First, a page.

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Gastrointestinal infections can be caused by a wide variety of infectious agents, including bacteria, viruses, and parasites. In this chapter, common viral and bacterial causes of diarrhea will be discussed, followed by a discussion of the most important parasitic infections.

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Bacterial and Viral Gastroenteritis

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Patient Story
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A 3-year-old boy who attends a child care center presents to his pediatrician with a 2-day history of bloody diarrhea with mucus. On physical examination, he is well hydrated and has mild abdominal tenderness. The pediatrician orders a stool culture for enteric pathogens and recommends supportive care including appropriate hydration and close follow-up. Forty-eight hours later, the stool culture is reported as positive for Shigella sonnei (Figure 179-1). Because the boy continued to have bloody diarrhea, the pediatrician treated the boy with a 5-day course of azithromycin and he recovered completely. Two stool cultures obtained after the completion of therapy were negative and the boy was able to resume child care.

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FIGURE 179-1

Shigella colonies on a blood agar plate. (Used with permission from CDC Public Health Image Library.)

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Introduction
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Gastrointestinal infections frequently manifest as diarrhea (loose, watery stools), frequently with fever, vomiting, and abdominal pain. Although many of these infections are self-limited, these infections can be associated with intestinal and extra-intestinal manifestations and can lead to significant morbidity.

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Epidemiology
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  • Worldwide, diarrheal illness is a leading cause of morbidity and mortality.

  • Diarrhea accounts for 2 to 4 million health care visits, 220,000 hospitalizations, and 300 to 400 deaths annually in the US.1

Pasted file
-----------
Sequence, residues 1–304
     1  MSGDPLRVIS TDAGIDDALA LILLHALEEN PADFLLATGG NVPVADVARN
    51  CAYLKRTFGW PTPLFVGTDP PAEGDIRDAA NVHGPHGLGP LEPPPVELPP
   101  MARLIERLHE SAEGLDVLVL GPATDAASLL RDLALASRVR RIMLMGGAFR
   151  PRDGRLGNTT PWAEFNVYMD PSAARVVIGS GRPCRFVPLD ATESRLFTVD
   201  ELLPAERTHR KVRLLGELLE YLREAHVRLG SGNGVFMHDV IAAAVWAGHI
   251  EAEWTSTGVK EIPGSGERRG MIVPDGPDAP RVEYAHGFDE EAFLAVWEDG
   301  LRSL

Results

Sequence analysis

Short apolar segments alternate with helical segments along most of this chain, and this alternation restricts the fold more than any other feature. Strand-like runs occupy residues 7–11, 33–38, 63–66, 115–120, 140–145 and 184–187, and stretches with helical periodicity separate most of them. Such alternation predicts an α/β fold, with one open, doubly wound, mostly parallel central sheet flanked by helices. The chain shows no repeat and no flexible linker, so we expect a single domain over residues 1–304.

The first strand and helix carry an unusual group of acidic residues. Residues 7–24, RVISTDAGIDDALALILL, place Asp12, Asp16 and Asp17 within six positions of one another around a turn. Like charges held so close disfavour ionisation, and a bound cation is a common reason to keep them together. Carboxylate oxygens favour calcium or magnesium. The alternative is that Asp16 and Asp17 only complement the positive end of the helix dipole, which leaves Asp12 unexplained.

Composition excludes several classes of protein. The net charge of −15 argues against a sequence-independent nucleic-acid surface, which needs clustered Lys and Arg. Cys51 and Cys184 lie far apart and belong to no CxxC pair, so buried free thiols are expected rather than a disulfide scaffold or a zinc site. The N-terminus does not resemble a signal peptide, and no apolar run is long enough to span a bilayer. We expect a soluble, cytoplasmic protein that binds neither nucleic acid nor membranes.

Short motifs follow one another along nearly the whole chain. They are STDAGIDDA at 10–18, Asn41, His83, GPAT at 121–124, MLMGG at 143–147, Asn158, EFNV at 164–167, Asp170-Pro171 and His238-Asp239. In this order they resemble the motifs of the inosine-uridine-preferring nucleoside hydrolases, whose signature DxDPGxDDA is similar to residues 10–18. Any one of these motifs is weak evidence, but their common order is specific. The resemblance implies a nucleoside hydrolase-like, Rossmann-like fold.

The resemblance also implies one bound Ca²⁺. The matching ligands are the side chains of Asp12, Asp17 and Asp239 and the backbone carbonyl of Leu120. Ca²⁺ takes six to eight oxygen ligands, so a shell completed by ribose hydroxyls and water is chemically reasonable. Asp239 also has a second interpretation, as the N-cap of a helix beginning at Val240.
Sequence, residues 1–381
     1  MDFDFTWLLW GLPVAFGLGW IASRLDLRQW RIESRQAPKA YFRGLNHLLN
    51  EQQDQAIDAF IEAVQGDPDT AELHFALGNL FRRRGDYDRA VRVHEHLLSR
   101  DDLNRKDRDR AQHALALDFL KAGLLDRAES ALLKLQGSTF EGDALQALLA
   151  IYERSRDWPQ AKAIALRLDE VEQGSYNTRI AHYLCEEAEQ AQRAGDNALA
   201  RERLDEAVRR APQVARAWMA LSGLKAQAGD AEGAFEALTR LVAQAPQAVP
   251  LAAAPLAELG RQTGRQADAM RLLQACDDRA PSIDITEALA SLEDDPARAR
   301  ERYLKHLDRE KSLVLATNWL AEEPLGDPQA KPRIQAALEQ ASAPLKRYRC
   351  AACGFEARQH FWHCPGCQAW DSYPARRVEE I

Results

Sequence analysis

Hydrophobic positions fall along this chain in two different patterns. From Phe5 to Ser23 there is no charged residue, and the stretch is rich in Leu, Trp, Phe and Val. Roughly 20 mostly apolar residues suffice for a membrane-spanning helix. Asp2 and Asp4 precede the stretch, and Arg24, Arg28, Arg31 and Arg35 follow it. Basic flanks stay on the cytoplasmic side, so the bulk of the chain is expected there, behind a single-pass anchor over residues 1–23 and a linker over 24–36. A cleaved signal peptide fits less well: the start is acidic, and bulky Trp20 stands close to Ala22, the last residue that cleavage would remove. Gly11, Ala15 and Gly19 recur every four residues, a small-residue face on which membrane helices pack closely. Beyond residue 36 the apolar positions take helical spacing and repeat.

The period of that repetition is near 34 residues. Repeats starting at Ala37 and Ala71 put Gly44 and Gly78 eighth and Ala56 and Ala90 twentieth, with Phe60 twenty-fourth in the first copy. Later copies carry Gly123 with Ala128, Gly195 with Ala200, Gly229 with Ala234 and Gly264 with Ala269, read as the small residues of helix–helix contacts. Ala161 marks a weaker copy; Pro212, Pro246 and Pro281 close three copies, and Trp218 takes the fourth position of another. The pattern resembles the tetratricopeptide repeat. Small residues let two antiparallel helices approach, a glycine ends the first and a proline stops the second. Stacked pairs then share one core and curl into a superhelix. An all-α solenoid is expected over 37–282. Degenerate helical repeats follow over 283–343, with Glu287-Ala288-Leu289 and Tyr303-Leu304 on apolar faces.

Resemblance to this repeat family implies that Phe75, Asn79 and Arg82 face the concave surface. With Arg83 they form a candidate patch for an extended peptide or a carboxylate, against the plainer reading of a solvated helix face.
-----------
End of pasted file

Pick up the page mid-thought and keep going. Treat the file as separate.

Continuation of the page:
• Diarrhea is the most common illness encountered by international travelers to developing countries.2

  • Acquisition of intestinal pathogens occurs through the fecal-oral route, from person-to-person contact or from contaminated food and water. Many pathogens can be spread by either person-to-person contact or from contaminated food and water.

  • Pathogens that are spread through person-to-person contact include Shigella spp Escherichia coli O157:H7, and most viral causes of diarrhea. These agents are commonly implicated in outbreaks in childcare centers.

  • Pathogens that are spread through contaminated food and water include Salmonella spp Campylobacter spp, enterotoxigenic E coli, and many viruses.

  • Enterotoxigenic E coli Salmonella Campylobacter, and Shigella are the most common causes of traveler’s diarrhea.

  • Pet reptiles are common sources of Salmonella infection. Transmission of this organism to household members, especially young infants, can occur in the absence of direct contact in household. Salmonella bacteremia and meningitis has occurred from transmission from pet lizards.

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Etiology and Pathophysiology
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  • Common bacterial causes of gastroenteritis include Campylobacter spp, Salmonella spp, diarrheal-producing strains of E coli Shigella spp, and Yersinia spp.

  • Virulent traits of these agents include enterotoxins and cytotoxins that promote aggregation and invasiveness that result in clinical symptoms.

  • Antibiotic-associated colitis ...

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